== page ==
When we look back to the historical moments of change, we see how people use their power as an artist. There was music, there were songwriters and there was a politically charged atmosphere. They used their platform to advocate for human rights, nonviolence, and a variety of other civil and social justice issues.
We shall overcome
Over the years the Queen of folk music and social justice Joan Baez participated in the antiwar movements, civil rights marches, and rallies in the mid-1960s. She becomes well known for her version of the song “We Shall Overcome” by Pete Seeger. That song grew into a protest song during Civil Rights Movement. She was only 22 when she led the crowd at the March on Washington alongside with Dr. Martin Luther King Jr, singing that by walking hand in hand we shall overcome, and we will live in peace.
Activism shouldn’t imply destroying works of art
Sadly, we still must walk hand in hand to fight for change, for justice and freedom as citizens or artists. Nowadays, some of the young generations want to express their displeasure in a way that is, in my opinion, very quick and thoughtless.
In the past period we have seen attacks on art at museums and galleries es across Europe for climate change action which is an “unorthodox” action of activism. They want to spread awareness of the climate crisis, but activism does not imply destroying works of art in which artists have expressed their feelings and thoughts. We all share the global concern about climate change, but I hope that these attacks on art history will end, and we will continue to create more art. Music has the power to touch the heart, the mind, and the spirit, all at once. Why not use that power?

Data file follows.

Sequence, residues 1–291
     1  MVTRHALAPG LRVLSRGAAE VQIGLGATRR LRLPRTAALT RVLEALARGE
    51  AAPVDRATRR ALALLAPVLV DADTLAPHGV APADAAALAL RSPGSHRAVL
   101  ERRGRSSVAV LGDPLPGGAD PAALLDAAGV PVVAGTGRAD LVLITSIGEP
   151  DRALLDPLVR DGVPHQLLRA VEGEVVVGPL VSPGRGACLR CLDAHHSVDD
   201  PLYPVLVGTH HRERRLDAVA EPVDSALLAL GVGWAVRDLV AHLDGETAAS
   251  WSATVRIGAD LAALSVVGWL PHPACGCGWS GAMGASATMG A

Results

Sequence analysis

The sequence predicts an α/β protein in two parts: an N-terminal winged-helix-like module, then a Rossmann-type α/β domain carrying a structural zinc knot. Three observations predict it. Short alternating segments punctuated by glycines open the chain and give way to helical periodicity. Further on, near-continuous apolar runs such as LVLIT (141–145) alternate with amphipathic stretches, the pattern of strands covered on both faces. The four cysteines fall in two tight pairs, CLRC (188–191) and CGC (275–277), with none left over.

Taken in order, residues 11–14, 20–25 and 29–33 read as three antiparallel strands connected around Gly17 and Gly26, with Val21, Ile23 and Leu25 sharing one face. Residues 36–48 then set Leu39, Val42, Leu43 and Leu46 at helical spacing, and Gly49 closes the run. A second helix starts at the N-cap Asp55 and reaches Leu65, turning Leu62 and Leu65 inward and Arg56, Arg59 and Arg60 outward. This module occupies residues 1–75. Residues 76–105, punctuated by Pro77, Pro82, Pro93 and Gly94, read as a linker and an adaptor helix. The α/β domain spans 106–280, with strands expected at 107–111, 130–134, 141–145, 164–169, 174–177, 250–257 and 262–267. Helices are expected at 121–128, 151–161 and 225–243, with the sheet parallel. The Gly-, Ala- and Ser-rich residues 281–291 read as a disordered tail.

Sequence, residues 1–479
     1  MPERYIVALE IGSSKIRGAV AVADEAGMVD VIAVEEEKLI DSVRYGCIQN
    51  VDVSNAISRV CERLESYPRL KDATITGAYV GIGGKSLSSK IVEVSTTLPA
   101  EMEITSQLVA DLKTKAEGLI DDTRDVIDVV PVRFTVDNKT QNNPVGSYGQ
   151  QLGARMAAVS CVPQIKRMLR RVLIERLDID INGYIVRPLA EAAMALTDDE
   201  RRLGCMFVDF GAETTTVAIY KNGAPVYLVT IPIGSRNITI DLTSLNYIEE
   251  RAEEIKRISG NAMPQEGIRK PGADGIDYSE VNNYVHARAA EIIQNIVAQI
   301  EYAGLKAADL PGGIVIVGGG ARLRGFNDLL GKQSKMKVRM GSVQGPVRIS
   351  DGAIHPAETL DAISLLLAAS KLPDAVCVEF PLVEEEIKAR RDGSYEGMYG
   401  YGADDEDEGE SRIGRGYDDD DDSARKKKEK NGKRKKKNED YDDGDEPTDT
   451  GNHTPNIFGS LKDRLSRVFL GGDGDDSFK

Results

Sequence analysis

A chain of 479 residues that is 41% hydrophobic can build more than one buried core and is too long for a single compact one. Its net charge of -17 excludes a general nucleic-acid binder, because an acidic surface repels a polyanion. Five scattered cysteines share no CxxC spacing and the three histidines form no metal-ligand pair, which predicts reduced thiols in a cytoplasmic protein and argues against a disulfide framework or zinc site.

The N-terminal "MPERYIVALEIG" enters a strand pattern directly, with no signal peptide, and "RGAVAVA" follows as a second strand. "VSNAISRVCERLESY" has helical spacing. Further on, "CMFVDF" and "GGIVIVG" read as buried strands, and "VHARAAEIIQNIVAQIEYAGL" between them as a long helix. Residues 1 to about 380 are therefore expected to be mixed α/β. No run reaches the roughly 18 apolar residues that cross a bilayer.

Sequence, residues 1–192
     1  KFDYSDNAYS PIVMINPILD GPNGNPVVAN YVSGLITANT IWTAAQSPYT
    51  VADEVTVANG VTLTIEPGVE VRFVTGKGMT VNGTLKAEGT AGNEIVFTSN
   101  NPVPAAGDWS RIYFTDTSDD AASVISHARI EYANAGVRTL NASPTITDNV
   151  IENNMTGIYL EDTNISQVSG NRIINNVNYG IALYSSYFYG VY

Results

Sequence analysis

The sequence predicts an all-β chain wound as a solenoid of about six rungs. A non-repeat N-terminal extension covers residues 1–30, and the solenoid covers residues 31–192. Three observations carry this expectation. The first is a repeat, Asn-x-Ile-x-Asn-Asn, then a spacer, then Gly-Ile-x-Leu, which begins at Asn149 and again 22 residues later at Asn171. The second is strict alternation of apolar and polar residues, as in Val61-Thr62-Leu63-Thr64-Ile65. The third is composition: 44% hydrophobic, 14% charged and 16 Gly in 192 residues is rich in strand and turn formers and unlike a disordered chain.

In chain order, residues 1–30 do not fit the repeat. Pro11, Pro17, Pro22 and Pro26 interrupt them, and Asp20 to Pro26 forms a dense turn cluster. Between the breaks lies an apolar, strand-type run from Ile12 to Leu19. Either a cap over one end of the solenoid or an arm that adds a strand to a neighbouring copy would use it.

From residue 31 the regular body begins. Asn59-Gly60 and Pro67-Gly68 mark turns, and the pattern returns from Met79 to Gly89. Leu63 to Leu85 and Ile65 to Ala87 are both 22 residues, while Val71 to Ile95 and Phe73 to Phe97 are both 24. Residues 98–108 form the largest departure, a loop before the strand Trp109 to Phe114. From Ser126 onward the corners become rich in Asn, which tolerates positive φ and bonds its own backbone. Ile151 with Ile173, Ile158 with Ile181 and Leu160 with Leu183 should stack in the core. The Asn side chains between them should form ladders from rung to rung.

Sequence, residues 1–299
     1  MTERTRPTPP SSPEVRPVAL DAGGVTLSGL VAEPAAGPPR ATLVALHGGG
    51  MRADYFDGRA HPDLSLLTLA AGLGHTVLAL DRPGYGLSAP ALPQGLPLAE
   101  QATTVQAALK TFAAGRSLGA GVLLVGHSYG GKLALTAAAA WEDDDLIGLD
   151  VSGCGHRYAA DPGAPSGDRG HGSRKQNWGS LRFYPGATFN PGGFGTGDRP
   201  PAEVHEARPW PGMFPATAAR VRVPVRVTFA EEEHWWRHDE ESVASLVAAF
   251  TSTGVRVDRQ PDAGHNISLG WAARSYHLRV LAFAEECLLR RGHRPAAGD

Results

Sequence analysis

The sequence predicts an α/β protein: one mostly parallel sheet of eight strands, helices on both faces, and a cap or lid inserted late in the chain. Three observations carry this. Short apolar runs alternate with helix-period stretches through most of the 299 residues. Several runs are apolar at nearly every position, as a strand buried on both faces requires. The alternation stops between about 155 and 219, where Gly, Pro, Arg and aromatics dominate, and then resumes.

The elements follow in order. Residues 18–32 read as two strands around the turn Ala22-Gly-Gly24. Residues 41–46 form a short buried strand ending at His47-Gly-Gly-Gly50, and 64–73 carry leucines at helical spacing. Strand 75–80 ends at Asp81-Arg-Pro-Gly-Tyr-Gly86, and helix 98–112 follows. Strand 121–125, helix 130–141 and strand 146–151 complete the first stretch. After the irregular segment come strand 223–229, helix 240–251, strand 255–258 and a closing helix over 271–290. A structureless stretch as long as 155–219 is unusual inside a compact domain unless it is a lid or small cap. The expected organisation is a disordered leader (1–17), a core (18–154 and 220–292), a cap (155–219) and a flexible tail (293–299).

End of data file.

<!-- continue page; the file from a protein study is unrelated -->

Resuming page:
How to fight for change nowadays?
My fellow citizens from my home country Macedonia are trying to save our Youth Cultural Center (МKЦ) from being politicized. МКЦ is a place where everyone can freely express themselves. It’s home of every musician, artist, activist, and citizen from Macedonia and every other country who travels to visit us.
Young people are protesting by using their musical talents and willingly performing their own music to support the cultural centre that allowed them to perform on their stage and share with the audience what they have created. This situation is heart-breaking, but I am encouraged by how young people continue to fight for things that matter to them. I hope that people will support them even more and their demands will be fulfilled.
As the great composer and conductor Leonard Bernstein said:
“This will be our reply to violence: to make music more intensely, more beautifully, more devotedly than ever before.”
I believe that the power of music will bring people together and that we will create change!